New courses for nannies, future elementary school educators
Foothill College is offering brand new courses this fall for students who wish to work as in-home childcare providers, likely among the first of their kind from an accredited institution of higher education, as well as a new course for students seeking careers as elementary school educators.
The Nanny and Family Studies program is new to Foothill College, and currently offers three courses designed to help raise the quality of care provided by nannies in private homes. Only one of these courses -- CHLD 80A: Communication & Self-Reflection Practices for Nannies -- will be offered during the Fall 2021 quarter. This course focuses on empowering nannies and offers them techniques of communicating with parents as employers. The class will also emphasize communication with families of different cultural backgrounds, value systems and child rearing approaches.
According to Foothill College’s Child Development and Education Department Chair, Nicole Kerbey, the Nanny and Family Studies program is planning to develop a certificate for students to complete. All courses in the program were created with input from The Institute for Families and Nannies (TIFFAN).
“Taking courses within our Nanny and Family Studies program is the perfect opportunity to learn best practices, gather new skills, reflect, and connect with other nannies,” Kerbey said. “We want to help nannies earn college units that support and empower them in their careers, whether it’s taking a few classes, earning certificates or obtaining degrees.”
The college’s other newest course, offered just once per year in the fall, caters to future elementary school teachers who begin their studies at Foothill and plan to transfer to a four-year university. Introduction to Elementary Education, or EDUC 2, will offer students an overview of the American K-12 education system, including educational philosophies, the history of schooling and the major economic, political and social policies that have shaped it. Students will be required to complete a minimum 48 hours of fieldwork in a public school elementary classroom, under the guidance of an approved credentialed K-5 classroom teacher.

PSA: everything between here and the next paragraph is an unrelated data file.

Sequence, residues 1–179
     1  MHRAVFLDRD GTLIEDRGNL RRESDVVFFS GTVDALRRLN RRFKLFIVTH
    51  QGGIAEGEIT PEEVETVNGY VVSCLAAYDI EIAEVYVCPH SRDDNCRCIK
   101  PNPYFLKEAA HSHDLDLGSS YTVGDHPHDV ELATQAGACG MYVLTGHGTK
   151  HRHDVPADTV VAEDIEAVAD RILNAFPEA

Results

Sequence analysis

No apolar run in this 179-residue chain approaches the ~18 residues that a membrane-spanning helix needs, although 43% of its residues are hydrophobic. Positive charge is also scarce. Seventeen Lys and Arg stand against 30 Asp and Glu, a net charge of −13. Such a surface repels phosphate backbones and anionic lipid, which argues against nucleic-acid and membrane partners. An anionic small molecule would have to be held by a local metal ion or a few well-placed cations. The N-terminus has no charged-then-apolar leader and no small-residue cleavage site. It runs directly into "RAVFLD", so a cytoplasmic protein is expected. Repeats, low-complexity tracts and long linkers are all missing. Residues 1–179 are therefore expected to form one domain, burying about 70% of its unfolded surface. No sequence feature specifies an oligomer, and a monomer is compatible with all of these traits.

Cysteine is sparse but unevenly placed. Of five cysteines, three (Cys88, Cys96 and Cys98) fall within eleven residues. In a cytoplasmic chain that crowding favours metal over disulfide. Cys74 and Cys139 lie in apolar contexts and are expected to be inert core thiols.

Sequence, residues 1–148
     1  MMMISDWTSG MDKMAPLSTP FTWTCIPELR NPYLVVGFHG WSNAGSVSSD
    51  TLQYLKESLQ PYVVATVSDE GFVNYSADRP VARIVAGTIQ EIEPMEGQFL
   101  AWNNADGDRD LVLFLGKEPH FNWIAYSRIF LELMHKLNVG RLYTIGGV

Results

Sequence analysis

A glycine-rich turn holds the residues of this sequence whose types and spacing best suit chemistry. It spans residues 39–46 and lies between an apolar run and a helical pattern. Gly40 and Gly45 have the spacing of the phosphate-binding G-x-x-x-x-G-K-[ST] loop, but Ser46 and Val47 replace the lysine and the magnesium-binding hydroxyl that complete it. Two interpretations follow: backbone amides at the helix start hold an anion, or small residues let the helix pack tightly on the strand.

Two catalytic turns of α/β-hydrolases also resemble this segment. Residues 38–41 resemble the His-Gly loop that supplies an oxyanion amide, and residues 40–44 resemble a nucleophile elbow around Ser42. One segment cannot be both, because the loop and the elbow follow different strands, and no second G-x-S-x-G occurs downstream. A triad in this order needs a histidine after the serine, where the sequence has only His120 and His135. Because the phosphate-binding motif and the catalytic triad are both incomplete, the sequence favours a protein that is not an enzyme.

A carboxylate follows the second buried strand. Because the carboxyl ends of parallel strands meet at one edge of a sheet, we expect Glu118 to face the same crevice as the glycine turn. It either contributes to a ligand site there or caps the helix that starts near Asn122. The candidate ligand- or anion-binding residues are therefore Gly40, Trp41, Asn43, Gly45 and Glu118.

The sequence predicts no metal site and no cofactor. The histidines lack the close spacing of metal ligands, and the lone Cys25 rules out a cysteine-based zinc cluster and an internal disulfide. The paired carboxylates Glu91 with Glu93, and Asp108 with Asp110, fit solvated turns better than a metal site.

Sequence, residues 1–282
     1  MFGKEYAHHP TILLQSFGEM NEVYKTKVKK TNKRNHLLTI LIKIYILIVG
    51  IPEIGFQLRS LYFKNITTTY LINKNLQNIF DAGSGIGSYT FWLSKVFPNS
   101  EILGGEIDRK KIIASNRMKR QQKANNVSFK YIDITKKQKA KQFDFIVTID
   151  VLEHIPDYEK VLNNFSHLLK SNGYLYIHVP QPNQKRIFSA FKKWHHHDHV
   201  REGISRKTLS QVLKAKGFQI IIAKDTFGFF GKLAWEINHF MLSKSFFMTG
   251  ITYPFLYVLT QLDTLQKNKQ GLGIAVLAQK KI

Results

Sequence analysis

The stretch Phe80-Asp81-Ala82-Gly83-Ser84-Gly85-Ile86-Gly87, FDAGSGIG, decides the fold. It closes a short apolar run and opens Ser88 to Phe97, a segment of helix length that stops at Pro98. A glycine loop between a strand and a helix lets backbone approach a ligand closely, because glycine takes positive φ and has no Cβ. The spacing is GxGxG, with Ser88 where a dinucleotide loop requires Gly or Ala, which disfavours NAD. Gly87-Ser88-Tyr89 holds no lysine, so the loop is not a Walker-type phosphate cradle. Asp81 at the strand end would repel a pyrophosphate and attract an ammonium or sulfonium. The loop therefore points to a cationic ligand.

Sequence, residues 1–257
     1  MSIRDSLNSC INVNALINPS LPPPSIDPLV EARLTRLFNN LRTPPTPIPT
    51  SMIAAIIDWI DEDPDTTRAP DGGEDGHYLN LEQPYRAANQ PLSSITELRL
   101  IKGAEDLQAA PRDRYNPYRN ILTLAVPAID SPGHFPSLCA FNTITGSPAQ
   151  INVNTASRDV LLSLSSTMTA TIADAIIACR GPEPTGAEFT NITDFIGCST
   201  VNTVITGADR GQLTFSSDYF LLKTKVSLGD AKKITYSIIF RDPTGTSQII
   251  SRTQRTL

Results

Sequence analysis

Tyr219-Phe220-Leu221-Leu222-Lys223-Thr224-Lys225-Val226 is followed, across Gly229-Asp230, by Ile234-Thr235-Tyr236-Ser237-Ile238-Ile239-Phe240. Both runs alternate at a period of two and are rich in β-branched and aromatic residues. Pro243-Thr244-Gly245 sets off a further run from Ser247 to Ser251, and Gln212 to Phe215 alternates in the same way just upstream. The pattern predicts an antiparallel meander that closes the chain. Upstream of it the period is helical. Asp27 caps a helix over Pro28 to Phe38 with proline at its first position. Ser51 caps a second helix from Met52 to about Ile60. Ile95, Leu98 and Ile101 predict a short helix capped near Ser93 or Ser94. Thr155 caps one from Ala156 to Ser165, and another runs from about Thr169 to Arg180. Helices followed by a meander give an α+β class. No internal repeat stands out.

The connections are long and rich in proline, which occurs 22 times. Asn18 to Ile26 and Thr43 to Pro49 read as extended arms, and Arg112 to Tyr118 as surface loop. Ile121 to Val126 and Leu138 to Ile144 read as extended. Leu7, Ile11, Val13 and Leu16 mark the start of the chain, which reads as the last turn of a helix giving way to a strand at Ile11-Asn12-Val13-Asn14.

“Children in classrooms across the Bay Area need passionate, qualified teachers in their classrooms,” Kerbey said. “Consider starting with us, earning a transfer degree and pursuing your goal of becoming an elementary teacher.”
Currently, the Bay Area is experiencing a shortage of elementary school teachers,
a problem only magnified by the recent pandemic.
Fall quarter classes at Foothill College start September 20. Read more about the Nanny and Family Studies program.
Learn more about the Associate in Arts for Transfer degree in Elementary Teacher Education.